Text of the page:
We had some new parts in Silverstone and I hope that we’re going to have some more later on, but at some point that will have to stop, because obviously next year there’s a big regulation change and the team needs to balance out the car’s performance this year versus next year.

There’s been a few occasions this year (and last year too) where things just didn’t work out for you on track through no fault of your own – incidents like Monaco this year with the pit stop and getting Ferrari debris stuck under your car last year at Imola. How much do you attribute these to just sheer bad luck, and how tough is it for someone competing at the top of the grid to deal with these situations where you’re just out of control?

It’s not fun. Sometimes I don’t know if I should cry or laugh because it almost feels like there’s been an incredible amount of bad luck happening. But you know, what can you do? Sometimes there’ll be things you can’t affect so you just need to try and move on.

What hurts the most is if I make a mistake myself and if I have a bad weekend, because I haven’t performed at the level I should be performing at. That’s more painful and I am always trying to learn from each situation. It’s not been the best season with mixed results and lacking pace, but here we are and there’s still a long, long year ahead.

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On that topic, you experienced a terrifying crash during the rainy race in Imola earlier this year. How did it feel being in the car going through an incident like that? What was going through your mind at the time?

It wasn’t fun. You know I can laugh about it now but luckily nothing happened. In those kinds of speeds and on that track where there’s not really that much of a runoff area when you become a passenger, you’re just waiting for the impact. You don’t know where you’re going to end up. You can’t control the car and what you’re going to hit next or which way to go so it’s not fun.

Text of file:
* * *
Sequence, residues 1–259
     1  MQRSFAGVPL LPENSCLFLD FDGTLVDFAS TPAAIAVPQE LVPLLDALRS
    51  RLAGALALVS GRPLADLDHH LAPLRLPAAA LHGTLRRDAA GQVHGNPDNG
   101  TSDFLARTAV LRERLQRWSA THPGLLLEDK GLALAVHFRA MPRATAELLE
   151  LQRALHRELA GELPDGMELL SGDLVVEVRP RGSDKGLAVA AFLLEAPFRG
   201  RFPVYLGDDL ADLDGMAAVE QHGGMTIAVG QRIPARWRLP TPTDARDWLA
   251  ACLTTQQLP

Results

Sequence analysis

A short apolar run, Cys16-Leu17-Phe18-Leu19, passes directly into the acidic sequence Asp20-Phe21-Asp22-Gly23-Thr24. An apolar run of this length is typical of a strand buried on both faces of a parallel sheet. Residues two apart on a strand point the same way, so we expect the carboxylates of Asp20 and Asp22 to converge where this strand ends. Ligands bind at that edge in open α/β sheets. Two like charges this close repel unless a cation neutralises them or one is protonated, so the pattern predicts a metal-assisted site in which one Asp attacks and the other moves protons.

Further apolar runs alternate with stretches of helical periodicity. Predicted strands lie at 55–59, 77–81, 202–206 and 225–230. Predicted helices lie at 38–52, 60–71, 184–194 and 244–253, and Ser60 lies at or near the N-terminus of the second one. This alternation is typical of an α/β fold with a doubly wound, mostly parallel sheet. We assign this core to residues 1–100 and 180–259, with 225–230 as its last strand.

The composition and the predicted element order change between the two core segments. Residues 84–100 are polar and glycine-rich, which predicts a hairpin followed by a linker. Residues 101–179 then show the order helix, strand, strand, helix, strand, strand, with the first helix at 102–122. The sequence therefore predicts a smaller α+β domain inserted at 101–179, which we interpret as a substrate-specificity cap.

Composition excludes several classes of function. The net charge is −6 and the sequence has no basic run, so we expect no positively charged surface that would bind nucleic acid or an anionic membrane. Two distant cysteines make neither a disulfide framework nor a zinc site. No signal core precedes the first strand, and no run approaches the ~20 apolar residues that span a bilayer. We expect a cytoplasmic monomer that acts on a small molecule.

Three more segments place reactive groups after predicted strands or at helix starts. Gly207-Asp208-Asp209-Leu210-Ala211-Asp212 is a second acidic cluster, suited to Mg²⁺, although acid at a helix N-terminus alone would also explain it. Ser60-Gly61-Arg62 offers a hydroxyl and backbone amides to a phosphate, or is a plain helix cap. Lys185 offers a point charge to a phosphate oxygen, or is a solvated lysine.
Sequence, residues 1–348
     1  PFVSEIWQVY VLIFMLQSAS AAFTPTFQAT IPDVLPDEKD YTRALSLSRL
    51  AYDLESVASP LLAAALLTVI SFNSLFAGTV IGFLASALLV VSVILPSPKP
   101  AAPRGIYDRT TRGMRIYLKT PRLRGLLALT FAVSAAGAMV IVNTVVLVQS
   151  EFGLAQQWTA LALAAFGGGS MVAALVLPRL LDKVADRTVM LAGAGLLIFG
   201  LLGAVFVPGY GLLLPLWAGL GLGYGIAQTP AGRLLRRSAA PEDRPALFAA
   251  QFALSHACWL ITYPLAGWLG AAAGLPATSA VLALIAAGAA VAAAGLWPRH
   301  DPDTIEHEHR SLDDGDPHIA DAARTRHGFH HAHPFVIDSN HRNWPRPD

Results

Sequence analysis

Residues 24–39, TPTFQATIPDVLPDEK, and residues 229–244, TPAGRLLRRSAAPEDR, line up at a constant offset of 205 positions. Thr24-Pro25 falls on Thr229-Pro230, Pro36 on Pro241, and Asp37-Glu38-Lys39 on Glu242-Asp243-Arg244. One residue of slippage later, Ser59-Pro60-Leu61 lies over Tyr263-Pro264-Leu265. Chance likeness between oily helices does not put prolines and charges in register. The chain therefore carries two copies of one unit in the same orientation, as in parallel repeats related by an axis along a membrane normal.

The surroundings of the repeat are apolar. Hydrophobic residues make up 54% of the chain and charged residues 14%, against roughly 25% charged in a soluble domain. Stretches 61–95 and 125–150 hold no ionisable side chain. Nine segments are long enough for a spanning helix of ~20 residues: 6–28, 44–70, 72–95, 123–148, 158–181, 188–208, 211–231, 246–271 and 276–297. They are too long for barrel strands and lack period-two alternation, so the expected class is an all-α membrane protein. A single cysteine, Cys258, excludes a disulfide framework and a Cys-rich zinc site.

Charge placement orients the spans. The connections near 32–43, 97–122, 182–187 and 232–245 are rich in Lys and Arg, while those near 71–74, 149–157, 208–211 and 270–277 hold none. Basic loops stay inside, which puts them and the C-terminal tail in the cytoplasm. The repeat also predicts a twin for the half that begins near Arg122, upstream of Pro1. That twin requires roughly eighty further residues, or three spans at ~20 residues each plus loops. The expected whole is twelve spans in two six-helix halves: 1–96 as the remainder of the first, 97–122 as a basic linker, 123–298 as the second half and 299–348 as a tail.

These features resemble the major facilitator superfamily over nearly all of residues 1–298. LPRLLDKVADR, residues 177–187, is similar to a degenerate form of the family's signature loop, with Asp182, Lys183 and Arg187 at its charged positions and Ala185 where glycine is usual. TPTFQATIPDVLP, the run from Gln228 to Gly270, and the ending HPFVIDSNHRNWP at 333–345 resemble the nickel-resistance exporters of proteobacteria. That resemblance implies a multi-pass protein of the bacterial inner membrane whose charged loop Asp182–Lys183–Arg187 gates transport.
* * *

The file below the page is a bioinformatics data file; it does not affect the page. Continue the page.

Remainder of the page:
But luckily, the final hit into the barrier was straight on and it was quite a big barrier, so it definitely took some of the energy away. It could’ve been worse, but it’s not great. When you’re caught in that situation, you basically say “Oh shit” and wait for the impact.

Given how the current season has gone so far with Red Bull taking the fight to Mercedes, what would be the ideal result you hope to achieve by the end of the year?

With a battle against Red Bull, we definitely want to win the constructors’ championship. I want to climb up in the driver’s championship as high as I can from where I am now, but my approach is to take it race by race and focus on individual goals.

Obviously, the main idea is to win the race, but if I can’t win the race, then I want to pick up the maximum points for the team that’s possible. I like to go step by step and not think too far ahead, but as a team we definitely want to win this season.